In the last post, we explored how cultivating Dissatisfaction with established processes and protocols could unlock traditional thinking and create the sort of mindset required for transformative change. Remember, increasing Dissatisfaction was one factor in overcoming Resistance within an organization (D x V x F x CL > R) for change to occur. Today we’ll focus on the role of Creative Leadership.
“Leadership is action not a position.”
In the same manner that a controlled burn is used to rid a forest of dead leaves and debris, and return valuable nutrients to the soil, cultivating dissatisfaction and encouraging creative problem solving is a great way to prepare the groundwork for transformative change. But without leadership to channel the potentially powerful forces unleashed, companies run the dual risk of the energy dissipating or much worse, burning uncontrolled. All organizations, particularly those seeking to undergo dramatic change, need leaders who can inspire others by communicating their vision of the future and motivate and encourage followers to keep pushing forward.
In the last post, we explored how the rate of change is accelerating – and how companies no longer have the luxury of expecting daily operations to fall into easy predictable patterns, periodically interrupted by carefully planned and executed bursts of change. As globalization trends, technological advancements, changing regulations and geopolitical uncertainty require a different approach to management. In fact, to thrive in today’s market, requires leadership in addition to management.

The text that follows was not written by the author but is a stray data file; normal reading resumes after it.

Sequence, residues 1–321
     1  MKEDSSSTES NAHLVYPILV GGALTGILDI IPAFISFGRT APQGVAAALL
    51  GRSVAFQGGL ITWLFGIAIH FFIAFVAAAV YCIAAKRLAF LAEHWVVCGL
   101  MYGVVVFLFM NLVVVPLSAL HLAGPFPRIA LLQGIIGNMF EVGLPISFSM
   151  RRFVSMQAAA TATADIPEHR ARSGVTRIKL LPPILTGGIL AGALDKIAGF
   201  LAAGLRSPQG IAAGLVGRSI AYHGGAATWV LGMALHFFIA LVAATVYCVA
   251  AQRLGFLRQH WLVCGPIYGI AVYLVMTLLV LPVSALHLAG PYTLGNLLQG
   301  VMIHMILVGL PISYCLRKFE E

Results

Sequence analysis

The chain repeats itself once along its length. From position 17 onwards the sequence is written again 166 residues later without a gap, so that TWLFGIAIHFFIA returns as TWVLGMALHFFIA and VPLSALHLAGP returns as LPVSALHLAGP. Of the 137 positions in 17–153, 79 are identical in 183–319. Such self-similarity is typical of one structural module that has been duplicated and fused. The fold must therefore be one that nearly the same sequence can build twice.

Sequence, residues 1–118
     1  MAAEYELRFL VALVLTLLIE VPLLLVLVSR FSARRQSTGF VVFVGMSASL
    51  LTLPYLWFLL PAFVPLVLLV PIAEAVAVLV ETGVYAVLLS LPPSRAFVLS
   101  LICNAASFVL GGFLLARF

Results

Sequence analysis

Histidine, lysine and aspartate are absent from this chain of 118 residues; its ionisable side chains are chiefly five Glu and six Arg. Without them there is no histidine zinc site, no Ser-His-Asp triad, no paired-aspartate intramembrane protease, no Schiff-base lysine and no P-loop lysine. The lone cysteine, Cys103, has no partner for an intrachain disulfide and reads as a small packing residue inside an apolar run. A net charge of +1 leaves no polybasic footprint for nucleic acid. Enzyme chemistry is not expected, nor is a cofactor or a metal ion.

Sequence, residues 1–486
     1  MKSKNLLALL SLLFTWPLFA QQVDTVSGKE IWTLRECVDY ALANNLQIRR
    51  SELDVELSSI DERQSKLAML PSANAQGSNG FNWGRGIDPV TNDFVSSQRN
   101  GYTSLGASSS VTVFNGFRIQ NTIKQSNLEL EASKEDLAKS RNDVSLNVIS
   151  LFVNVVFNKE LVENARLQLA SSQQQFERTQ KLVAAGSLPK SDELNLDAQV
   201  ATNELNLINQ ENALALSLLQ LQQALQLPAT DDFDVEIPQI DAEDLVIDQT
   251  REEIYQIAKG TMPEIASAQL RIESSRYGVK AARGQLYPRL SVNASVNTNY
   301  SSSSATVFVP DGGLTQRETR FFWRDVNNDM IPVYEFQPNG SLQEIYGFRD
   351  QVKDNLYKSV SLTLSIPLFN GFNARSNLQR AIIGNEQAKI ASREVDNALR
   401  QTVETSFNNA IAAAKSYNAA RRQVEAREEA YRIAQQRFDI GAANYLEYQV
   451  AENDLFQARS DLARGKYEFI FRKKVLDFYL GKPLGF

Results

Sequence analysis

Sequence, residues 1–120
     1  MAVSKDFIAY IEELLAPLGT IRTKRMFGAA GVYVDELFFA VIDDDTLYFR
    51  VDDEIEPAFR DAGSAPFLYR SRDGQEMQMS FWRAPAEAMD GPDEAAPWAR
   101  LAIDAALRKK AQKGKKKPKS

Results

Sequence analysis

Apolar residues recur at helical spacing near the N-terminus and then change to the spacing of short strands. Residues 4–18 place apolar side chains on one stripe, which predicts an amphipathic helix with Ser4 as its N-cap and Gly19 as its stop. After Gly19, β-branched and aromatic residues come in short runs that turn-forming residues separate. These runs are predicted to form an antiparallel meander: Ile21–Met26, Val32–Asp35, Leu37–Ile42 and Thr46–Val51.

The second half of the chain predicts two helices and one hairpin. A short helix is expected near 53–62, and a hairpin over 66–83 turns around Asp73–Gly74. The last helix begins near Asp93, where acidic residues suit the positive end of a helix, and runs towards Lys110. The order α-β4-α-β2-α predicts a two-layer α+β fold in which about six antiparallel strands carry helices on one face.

People often equate management with leadership, but in reality, they are quite different. Though they often go hand in hand, management is more about directing the work and ensuring the day-to-day activities are completed as they should be. Leadership, on the other hand, is about setting a vision, motivating others to understand and believe in your vision and to work with you on achieving your goals.
Leadership theory has evolved to meet the complexity of today’s demands, away from traditional theories of leadership of a unidirectional, top-down influencing process to a more shared, collective, and collaborative leadership practice, based on dynamic processes between leaders and followers and distributed throughout the organization rather than the actions of a few individuals at the top. Creative leadership values independence and innovation from everyone on your team and encourages all employees to present their ideas in meetings and help you think through various challenges. It can tap into the “good” dissatisfaction we cultivated last time around and take advantages of the solutions it created. And, because creative leadership is both empowering and decentralized, it is much easier to disseminate new ideas, new beliefs and new ways of thinking until reaching a point in the change management process where the momentum of change becomes a powerful, enabling force of its own, a tipping point, if you will.
Merriam-Webster defines the term “tipping point” as “the critical point in a situation, process, or system beyond which a significant and often unstoppable effect or change takes place”. Imagine a boulder, poised at the top of a steep hill and how, once it begins rolling, it continues to pick up speed. Given that one of the biggest complaints about digital transformation projects is that the promised changes don’t materialize – or they don’t last, “significant and often unstoppable effect or change” is exactly what we’re looking for.